Long gone are the days when a financial institution’s primary security concern was protecting cash in the bank vault, the Federal Deposit Insurance Corporation (FDIC) acknowledges in its recent article, “A Framework for Cybersecurity,” released February 1, 2016.
Following the recent bank failure wave, the FDIC filed liability actions against the former directors and offices of many of the failed banks, as detailed here.
A Marginally Important Day: FDIC’s Board Approves Joint Final Rule On Margin for Uncleared Swaps and Finalizes Relief for End-Users
Earlier today, the Board of Directors (the “Board”) of the Federal Deposit Insurance Corporation (FDIC) approved a final rule to establish margin requirements on non-cleared swaps and security-based swaps (collectively, for this posting, “non-cleared swaps”).
The Long Arm of the FDIC is Even Longer After Recent 5th Circuit Opinion Extends the Extender Statute
One of the many tools of the FDIC in resolving failed banks is the Extender Statute which, by its terms, replaces existing statutes of limitation under state law by a period of years.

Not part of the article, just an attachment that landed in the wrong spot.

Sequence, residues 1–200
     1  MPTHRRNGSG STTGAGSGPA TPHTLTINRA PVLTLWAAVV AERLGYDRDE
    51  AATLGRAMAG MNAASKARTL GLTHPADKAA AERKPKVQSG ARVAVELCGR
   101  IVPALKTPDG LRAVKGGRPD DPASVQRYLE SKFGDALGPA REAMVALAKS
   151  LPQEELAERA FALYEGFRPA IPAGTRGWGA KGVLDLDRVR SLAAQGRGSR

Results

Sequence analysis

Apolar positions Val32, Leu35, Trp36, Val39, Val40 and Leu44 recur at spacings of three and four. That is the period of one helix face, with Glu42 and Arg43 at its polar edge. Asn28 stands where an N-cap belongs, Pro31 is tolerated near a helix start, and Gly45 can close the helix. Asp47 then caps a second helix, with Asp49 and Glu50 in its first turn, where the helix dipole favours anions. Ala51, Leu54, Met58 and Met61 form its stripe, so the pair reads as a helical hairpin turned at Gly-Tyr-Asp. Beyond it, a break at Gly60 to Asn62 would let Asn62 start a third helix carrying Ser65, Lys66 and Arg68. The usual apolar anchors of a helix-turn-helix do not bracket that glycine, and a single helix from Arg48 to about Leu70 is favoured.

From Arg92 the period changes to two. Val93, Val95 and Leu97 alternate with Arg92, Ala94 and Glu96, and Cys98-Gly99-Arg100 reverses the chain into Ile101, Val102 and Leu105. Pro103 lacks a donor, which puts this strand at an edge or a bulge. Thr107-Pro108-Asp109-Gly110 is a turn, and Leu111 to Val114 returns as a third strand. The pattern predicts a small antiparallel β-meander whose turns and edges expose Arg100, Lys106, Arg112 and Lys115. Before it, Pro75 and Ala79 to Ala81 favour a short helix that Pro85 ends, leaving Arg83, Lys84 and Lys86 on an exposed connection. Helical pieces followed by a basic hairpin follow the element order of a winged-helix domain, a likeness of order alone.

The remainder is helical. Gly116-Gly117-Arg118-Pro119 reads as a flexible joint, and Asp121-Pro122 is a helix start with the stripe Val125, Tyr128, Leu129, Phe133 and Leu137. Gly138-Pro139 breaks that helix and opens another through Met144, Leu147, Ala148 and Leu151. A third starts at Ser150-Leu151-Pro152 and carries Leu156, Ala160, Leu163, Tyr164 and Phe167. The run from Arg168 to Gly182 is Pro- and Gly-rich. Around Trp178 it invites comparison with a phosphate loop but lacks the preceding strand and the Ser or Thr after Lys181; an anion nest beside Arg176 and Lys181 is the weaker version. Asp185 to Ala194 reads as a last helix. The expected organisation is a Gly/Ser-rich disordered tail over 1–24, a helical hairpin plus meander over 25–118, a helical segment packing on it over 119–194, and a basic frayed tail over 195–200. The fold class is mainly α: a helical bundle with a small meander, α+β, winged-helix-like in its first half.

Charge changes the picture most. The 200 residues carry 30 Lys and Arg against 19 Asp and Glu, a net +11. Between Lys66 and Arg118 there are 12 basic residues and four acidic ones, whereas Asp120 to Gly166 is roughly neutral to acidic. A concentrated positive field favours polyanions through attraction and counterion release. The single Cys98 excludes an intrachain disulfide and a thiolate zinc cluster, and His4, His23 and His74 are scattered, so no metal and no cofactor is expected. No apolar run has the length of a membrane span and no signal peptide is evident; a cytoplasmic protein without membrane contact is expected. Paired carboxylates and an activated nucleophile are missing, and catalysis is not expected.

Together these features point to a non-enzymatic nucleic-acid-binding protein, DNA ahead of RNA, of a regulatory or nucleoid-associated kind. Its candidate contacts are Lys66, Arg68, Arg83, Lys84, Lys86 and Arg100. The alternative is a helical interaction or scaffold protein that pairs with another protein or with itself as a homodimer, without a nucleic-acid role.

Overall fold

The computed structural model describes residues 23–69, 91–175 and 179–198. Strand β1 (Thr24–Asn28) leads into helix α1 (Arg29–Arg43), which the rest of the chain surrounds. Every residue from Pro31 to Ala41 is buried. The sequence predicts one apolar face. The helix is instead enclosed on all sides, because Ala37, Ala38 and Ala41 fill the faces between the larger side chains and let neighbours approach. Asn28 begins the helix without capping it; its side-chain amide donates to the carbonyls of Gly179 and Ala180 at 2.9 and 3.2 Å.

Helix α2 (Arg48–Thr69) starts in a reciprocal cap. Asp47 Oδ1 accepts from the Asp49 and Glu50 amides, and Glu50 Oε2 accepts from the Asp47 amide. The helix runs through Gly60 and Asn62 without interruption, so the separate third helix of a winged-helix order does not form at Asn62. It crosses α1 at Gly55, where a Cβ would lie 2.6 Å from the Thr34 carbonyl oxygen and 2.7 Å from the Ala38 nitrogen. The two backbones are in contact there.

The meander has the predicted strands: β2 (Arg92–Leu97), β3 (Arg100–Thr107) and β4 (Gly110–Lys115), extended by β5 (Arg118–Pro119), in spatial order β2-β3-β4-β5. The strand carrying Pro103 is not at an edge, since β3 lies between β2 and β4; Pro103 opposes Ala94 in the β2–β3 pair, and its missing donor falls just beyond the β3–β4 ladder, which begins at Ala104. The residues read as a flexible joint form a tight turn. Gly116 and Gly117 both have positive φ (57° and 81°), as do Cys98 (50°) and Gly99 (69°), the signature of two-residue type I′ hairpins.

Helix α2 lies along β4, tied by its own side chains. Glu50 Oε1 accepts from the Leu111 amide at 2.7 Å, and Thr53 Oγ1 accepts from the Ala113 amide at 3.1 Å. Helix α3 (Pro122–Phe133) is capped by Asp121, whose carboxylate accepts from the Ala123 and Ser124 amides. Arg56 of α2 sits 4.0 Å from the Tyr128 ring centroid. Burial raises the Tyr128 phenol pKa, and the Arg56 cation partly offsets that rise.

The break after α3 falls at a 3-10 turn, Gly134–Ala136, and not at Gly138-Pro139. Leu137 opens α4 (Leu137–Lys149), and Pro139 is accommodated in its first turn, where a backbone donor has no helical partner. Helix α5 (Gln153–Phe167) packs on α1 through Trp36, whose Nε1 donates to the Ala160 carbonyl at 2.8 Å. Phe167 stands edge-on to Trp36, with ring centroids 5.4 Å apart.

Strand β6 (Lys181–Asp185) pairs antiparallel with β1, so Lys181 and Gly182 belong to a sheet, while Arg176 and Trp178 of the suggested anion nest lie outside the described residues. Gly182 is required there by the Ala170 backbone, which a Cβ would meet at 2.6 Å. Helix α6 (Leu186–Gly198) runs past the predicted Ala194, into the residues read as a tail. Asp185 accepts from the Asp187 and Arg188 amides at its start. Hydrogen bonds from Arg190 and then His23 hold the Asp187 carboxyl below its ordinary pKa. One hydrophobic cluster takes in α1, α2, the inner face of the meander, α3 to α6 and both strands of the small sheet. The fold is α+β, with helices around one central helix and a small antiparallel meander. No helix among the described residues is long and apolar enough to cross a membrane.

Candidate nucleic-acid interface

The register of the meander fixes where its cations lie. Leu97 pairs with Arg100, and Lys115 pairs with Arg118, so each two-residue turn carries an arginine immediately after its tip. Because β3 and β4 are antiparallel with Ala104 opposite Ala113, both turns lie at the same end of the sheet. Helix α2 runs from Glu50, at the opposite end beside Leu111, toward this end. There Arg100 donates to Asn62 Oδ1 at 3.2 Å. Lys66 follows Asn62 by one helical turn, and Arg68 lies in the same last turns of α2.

According to the FDIC’s website (here), as of March 24, 2015, 44 of the 106 failed bank lawsuits the agency has filed have settled.
Overall, the banking industry continued to improve in the first quarter of 2014, although banks did see their noninterest income decline due to reduced mortgage activity and a drop in trading revenue, according to the FDIC’s Quarterly Banking Profile for 1Q14.
On March 14, 2014, In the latest development in the long-running saga of the Libor scandal, the FDIC in its capacity as receiver of 38 banking institutions that failed between 2008 and 2011, has filed a massive new lawsuit in the Southern District of New York against the U.S. dollar Libor rate-setting banks…
The US Court of Appeals for the Eleventh Circuit recently issued the first appellate decision holding that, in actions brought by the Federal Deposit Insurance Corporation (FDIC), the officers and directors of failed banking institutions can assert affirmative defenses relating to the FDIC’s post-receivership conduct.
Eleventh Circuit Rejects FDIC’s “No Duty” Argument, Allows Post-Receivership Affirmative Defenses Against the Agency
One of the most contentious issues in the litigation the FDIC has been pursuing in its capacity as receiver of various failed banks is whether the defendant former directors and officers can assert affirmative defenses against the FDIC for the agency’s own conduct.